ACOSS urges root and branch employment services overhaul

ACOSS welcomes the House of Representatives Select Committee recommendations released today which, if implemented, would transform employment services for the better.

ACOSS Acting CEO Edwina MacDonald said: ”We urge the Federal Government to commit to the reforms recommended by this inquiry that would shift it from a system that punishes people towards one that opens up real employment opportunities.

“The fact that 600,000 people have been stuck on unemployment payments – many of them people with disability or older workers struggling to get a foothold in the labour market – is a sign of failure in the employment services system. We must do better.

“The most urgent reform recommended by the Committee is to end automated payment suspensions and ensure people have access to a human decision maker before payments are affected. In the three months to September, over 280,000 people were threatened – by computer – with the loss of their income support, often for minor infractions such as missing an appointment with an employment service provider that they didn’t know about.

“Cutting off someone’s income should never be a first resort and people should be given the chance to explain their situation before their payments are impacted. The government must act to stop automated payment suspensions now, before it becomes the next Robodebt tragedy. Until a fair alternative to the present system of unjust and automated suspensions is in place, we continue to urge for a pause in payment suspensions.

“The Committee proposes overdue, transformational reform to the 30 year-old employment services system in which private providers compete for the ‘business’ of helping people secure employment. This competitive model has not worked.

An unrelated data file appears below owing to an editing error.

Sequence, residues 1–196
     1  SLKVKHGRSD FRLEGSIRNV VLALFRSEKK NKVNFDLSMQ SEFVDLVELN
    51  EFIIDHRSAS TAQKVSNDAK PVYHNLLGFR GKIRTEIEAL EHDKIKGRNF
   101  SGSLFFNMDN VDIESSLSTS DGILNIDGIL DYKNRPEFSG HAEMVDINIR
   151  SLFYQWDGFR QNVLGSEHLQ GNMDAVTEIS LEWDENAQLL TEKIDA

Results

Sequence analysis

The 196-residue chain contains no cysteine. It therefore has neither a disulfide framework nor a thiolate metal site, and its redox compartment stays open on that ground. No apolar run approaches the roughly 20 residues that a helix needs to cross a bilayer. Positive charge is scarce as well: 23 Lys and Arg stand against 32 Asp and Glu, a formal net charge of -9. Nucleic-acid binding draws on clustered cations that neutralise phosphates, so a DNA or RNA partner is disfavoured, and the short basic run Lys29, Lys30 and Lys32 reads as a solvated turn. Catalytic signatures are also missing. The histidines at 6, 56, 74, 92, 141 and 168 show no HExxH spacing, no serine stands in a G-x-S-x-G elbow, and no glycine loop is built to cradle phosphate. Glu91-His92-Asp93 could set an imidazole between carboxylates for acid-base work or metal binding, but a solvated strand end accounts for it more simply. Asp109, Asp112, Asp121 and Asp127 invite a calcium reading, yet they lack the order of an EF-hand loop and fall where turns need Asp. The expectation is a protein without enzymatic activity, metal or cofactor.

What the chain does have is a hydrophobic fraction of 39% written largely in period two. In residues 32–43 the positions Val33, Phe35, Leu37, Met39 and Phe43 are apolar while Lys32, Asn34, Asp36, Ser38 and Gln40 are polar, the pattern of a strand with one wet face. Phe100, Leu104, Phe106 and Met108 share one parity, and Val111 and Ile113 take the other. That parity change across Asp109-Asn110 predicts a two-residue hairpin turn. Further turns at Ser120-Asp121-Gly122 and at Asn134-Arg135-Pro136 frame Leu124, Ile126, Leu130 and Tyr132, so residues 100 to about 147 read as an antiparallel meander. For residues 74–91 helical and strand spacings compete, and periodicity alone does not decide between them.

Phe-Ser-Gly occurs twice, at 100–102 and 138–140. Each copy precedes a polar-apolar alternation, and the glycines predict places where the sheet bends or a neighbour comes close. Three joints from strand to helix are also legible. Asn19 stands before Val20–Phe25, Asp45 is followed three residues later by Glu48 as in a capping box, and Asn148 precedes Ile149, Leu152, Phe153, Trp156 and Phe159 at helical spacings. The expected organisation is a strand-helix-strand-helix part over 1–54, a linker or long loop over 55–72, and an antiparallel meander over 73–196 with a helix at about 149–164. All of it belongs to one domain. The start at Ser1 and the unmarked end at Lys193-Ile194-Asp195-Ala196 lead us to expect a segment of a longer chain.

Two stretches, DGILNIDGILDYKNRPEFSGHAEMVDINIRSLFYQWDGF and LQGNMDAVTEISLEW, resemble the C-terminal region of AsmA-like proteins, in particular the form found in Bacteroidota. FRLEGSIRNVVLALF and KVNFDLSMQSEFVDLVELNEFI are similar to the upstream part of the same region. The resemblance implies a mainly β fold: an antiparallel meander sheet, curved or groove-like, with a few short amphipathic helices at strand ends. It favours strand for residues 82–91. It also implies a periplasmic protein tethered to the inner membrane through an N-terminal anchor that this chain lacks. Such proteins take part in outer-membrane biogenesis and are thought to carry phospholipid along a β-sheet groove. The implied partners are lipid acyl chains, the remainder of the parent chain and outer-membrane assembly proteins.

“ACOSS welcomes the proposed independent quality assurance body to manage complaints and set standards for employment services, including the qualifications of frontline employment services staff, and the creation of standing advisory bodies where people directly affected are directly represented.

“The proposed national wage subsidy and work experience schemes would offer people unemployed long-term the opportunity for experience in a regular, properly paid job. ACOSS advocates an offer of at least annual access to a wage subsidy, quality training, a job offer or health and social supports tailored to individual need. This should replace punitive and ineffective programs like Work for the Dole, which must be abolished.

“The proposed regional hubs and service gateways would join up local employment, community and training services, and connect them with employers.

“We will examine further the Committee’s recommendations over the coming weeks and commit to working with the government to implement much needed reforms.

“It is also vital to raise the rate of income support to at least $78 a day, so that people can afford the essentials of life while searching for employment.”

/Public Release. View in full here.